Maryland is charged up over electric vehicles.
The number of EV registrations continue to rise, with 68,628 in Maryland as of March 31, an increase of almost 2,500 since February. Just over 10 years ago, there were 609 EVs in the state.
“Electric vehicle registrations in Maryland are growing exponentially, and the Maryland Department of Transportation is working to meet the demand by equitably deploying EV charging infrastructure across the state,” said Maryland Transportation Secretary Paul J. Wiedefeld. “The rapid growth in EVs will help the state get closer to reaching its goal of reducing greenhouse gases by 60% in 2031 – and net zero by 2045.”
There are 1,348 public charging stations in Maryland, with 3,772 outlets. They are mostly a mix of DC Fast chargers, which can charge some EVs to 80% in 20 or 30 minutes, and Level 2 chargers, which take four to 10 hours for a full charge.
And many more are planned.
The Investment and Infrastructure Jobs Act created the National Electric Vehicle Infrastructure (NEVI) program. The goal is to build out a convenient and equitable network of 500,000 fast chargers along designated alternative fuel corridors and make EVs accessible to all drivers. The program requires one DC Fast charging station every 50 miles along alternative fuel corridors and within one mile of an interstate exit or highway intersection. This requirement will help states build out their respective alternative fuel corridors for EV charging to facilitate interstate travel. Once the alternative fuel corridors are built out and certified, states can spend NEVI funds in communities within their respective states.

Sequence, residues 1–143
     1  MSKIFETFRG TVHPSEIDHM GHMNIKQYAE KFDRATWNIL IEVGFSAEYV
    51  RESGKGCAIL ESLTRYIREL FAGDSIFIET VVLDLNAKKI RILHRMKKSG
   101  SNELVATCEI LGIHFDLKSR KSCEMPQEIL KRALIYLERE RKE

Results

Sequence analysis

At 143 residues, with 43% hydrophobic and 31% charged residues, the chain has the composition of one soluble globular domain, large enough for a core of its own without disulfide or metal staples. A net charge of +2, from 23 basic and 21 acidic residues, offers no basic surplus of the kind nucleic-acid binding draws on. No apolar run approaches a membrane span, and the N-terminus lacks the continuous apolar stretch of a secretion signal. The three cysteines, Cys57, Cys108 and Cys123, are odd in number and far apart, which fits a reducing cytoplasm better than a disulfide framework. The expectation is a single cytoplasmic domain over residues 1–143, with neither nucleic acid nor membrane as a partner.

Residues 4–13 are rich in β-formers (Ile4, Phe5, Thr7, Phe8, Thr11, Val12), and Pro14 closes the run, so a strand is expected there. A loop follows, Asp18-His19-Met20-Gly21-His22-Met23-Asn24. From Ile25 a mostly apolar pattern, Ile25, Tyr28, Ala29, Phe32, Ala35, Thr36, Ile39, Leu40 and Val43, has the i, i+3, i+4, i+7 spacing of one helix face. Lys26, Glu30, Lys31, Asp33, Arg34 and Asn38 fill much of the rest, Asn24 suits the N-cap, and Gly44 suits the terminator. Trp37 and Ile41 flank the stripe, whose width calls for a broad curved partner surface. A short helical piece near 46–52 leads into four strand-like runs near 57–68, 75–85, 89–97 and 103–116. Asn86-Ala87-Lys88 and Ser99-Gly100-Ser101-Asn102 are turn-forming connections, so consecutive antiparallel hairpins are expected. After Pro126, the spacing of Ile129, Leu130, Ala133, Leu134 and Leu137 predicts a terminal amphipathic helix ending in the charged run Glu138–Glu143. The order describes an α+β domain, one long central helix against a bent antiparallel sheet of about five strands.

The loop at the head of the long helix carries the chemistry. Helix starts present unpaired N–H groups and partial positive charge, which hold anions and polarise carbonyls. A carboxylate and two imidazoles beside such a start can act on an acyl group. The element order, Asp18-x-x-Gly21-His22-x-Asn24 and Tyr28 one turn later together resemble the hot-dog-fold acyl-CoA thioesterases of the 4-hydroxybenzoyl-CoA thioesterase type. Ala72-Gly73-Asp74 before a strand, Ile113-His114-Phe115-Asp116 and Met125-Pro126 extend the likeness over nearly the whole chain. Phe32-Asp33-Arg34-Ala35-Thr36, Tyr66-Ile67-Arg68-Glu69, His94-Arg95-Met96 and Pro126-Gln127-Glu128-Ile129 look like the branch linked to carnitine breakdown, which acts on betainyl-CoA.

Maryland will receive $57.5 million over five years, through federal fiscal year 2026, to build out this network. The funding does not lapse, so states can spend NEVI allocations until the funds are exhausted.
Maryland has 23 designated EV alternative fuel corridors that include interstates and major highways. Program funding will first be used to ensure all of the corridors have the required number EV chargers.
“Once we certify our corridors in the state with the first few rounds of NEVI funding, then we can go out into the communities and do different types of charging systems,” said Dan Janousek, an MDOT regional planner.
He and his team have been working on rolling out Maryland’s NEVI Plan. They are also focused on distributing the funding equitably by using the U.S. Department of Transportation’s Justice40 goals. This requires at least 40% of federal funds be used in disadvantaged communities.
“What MDOT is doing is developing a toolkit for all Marylanders to use,” Janousek said. “They can go in and look at a proposed charger site and see how it’s going to benefit disadvantaged communities.”
Last month, Governor Wes Moore affirmed the state’s commitment to move forward with regulations requiring all new cars and light trucks sold in the state be zero-emission by 2035.
The state also has an overall goal of having 300,000 zero-emission vehicles on the road by 2025. The Zero Emission Electric Vehicle Infrastructure Council has been working toward this goal since 2011. Click here to learn more about how MDOT plans to transition to zero-emission transit buses.